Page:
I have a somewhat embarrassing confession to make: I didn’t know the details of what happened to George Floyd until about four days after the fact.
I know what you’re probably thinking: How is that even possible? It seems like EVERYONE is talking about it.
But you see, here’s the thing: I wasn’t entirely ignorant. I knew that something tragic had happened.
I saw the headlines.
I saw the photos.
I saw the countless Facebook posts.
I saw the rally cries, the Black Lives Matter hashtags, the petitions, the memorials, the brilliantly composed song lyrics, the faces—both black and white—painted with pain and outrage.
I saw the world burning. Literally, in some cases.
I “saw” all of it, but I deliberately chose not to SEE any of it.
I didn’t click on the news stories, didn’t watch the videos, didn’t engage in the discussion. I didn’t join my friends in their public outcries for justice. I avoided Facebook and news outlets. I didn’t ask my husband what he’d heard about it. I didn’t want to hear about it—or worse—think about it.
In fact, for days after the incident, I stayed in my safe little COVID-19 quarantine bubble. I sat around in my home, reveling in the familiar comfort of my favorite bathrobe and house slippers. I sipped my coffee, played with my kids, and forcibly repressed my curiosity whenever it began wandering into dangerous territory. I intentionally chose the numbing bliss of unawareness.
Because I knew. I knew if I plugged myself back into the broken world we live in that it would hurt—that I would hurt. I knew once I read the details about what happened, I wouldn’t be able to get them out of my mind. I knew I’d feel lost in a sea of confusion, anger, sadness, and helplessness. I knew it would leave me feeling unsettled.
At the risk of sounding juvenilely simplistic, I knew that facing the reality of everything would make feel “yucky” inside.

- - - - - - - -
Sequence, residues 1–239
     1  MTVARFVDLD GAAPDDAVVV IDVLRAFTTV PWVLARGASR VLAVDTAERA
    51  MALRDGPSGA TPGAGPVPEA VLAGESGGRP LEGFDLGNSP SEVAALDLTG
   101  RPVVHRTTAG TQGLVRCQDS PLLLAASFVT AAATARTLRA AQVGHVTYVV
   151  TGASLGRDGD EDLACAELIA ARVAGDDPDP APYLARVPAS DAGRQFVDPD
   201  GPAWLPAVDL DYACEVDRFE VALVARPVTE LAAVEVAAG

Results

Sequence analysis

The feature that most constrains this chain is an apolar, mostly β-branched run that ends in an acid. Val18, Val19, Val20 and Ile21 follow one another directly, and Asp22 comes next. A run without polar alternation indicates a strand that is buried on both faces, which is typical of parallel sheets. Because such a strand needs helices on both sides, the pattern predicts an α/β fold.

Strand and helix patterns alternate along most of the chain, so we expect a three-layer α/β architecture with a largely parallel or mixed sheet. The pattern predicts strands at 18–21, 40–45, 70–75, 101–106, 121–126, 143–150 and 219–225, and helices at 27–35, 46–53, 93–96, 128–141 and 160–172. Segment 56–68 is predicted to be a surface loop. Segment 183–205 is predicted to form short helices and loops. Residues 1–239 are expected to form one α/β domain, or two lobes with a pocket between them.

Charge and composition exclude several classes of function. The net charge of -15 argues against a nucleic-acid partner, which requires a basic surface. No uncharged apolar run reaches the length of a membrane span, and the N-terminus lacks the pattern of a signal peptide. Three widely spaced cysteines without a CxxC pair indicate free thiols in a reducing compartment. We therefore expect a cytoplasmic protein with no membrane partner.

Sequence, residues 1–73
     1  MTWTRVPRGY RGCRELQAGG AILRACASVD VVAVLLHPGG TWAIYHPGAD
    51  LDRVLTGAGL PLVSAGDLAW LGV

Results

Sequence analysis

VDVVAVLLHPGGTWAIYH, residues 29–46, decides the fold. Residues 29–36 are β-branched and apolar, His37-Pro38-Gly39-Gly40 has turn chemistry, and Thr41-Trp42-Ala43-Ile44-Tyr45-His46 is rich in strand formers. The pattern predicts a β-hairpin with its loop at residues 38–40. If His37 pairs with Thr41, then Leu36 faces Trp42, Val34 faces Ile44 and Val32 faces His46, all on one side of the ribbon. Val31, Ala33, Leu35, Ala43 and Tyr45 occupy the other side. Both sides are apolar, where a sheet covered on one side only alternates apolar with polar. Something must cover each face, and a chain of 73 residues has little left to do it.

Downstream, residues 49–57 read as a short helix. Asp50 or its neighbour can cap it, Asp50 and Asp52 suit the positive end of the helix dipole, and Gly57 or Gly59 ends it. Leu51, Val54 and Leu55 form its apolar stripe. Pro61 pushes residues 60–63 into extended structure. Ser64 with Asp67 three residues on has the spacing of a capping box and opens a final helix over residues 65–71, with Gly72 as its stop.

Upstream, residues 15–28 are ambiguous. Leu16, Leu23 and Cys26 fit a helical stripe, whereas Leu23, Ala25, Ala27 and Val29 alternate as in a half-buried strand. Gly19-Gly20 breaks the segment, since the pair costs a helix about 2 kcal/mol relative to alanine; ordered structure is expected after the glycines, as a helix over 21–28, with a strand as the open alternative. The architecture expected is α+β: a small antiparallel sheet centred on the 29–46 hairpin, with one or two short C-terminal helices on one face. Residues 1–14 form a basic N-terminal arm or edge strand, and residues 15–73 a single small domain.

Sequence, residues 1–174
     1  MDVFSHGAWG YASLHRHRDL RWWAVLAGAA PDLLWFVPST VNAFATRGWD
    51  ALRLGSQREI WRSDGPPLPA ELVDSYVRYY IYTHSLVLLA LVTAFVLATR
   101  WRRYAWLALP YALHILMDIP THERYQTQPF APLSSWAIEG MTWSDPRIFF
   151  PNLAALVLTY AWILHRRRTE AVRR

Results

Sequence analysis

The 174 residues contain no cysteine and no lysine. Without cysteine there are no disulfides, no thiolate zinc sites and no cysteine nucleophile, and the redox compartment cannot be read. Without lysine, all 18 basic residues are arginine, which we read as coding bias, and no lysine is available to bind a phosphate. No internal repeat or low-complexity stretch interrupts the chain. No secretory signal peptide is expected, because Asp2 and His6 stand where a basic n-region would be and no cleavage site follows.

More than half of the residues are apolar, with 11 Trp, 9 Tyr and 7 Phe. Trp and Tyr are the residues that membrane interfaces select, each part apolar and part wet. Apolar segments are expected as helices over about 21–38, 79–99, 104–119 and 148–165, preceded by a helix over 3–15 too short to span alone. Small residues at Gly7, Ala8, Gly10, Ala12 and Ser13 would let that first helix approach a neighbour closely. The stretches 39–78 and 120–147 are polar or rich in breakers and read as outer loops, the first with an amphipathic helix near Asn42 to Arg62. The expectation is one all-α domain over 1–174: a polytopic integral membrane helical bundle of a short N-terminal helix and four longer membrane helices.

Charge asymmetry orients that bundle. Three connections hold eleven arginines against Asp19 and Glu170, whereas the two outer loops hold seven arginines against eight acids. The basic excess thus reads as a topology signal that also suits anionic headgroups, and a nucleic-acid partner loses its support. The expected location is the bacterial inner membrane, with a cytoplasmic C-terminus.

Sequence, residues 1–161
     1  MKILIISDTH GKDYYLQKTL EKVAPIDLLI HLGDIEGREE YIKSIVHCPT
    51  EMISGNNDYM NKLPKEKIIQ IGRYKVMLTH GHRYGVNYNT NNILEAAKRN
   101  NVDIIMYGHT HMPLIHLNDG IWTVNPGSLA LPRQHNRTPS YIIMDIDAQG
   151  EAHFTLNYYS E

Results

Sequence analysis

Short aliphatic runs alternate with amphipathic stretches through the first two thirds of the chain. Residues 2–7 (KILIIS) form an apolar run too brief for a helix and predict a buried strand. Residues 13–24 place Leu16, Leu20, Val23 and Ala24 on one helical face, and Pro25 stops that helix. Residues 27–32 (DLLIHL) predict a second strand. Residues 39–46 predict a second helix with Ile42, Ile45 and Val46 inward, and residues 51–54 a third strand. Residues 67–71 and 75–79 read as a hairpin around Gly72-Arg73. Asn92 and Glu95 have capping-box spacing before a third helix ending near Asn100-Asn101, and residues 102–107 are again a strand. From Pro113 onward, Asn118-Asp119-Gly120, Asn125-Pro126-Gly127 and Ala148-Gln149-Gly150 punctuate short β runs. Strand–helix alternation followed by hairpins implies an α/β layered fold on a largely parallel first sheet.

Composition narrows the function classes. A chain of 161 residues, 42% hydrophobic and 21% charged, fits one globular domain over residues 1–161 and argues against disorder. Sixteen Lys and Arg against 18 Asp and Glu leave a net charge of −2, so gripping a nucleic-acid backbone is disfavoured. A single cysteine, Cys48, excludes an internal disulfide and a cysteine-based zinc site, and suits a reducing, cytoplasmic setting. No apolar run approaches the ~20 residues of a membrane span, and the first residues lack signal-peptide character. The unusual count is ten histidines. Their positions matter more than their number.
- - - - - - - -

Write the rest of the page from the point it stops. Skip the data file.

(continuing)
So I delayed the inevitable for as long as I reasonably could. I avoided awareness. I avoided truth. I avoided pain. I put off the discomfort until I felt a little more emotionally prepared to face all that heartache and ugliness.
And that’s when the realization slapped me in the face: THAT—that luxury of avoiding and delaying all those “yucky” feelings—is just one example of my white privilege.
There are people out there who wake up with that “yucky” feeling every damn day simply because they happen to have more melanin in their skin than I do.
There are people who have to function in a state of relentless emotional exhaustion all the time.
There are people who worry about the safety and security of their family and friends every minute of every day.
There are people who walk out into the world on a daily basis feeling like “the underdog.”
There are moms who have to weigh the risks and benefits of allowing their kids to play outside unsupervised.
In fact, when my own black son—who is now “adorable” but already “big-for-his-age”—gets older, I will become one of those moms. There will be a day, a few years down the road, when I’ll have to explain to him why he can no longer play with nerf guns outside of our home. I just pray I have the wisdom to handle it with as much grace as possible.
Coming face-to-face with your own white privilege is not a pretty thing.
In fact, it's rather ugly. It can make you feel embarrassed, ashamed, and futile. I don’t think any decent human being likes knowing that there are people out there who have it “so much worse” than they do. It’s just another one of those things that makes you feel kind of “yucky” inside.
But you know what else it is?
It is necessary.
That awareness is one of the driving forces behind beautiful and altruistic things like homeless shelters, food pantries, foster care, and mitten trees at Christmas time. It makes us want to be better. It sparks positive change.
In fact, as life coach Tony Robbins once said, “All growth starts at the end of your comfort zone.”
We owe it to one another to acknowledge and face our minor discomforts, like white privilege, in order to spare our brothers and sisters from the major ones—the tragedies, like what happened to George Floyd and countless others before him.
We are all human. We are capable of change. We are capable of being better.
I’ll admit, I am still figuring out exactly how I—as a privileged white woman—can be better. But here are some things I do know:
Choosing to be aware of my own privilege and allowing myself to acknowledge the pain and injustice around me is a good place to start.
I also know that as a Christian, I am supposed to hold Jesus’s words—“Love one another as I have loved you”—as the greatest commandment. Jesus advocated most often for the frightened, the poor, the lost, and the oppressed. I am going to strive to love as He did.
And finally, I know that as a mom, I have perhaps the greatest power—and concurrent responsibility—to heal this world with both awareness and love. I can raise my children to do better, to love better, and to be better.
Because at the end of the day, what I want most is a better world.
For all of us.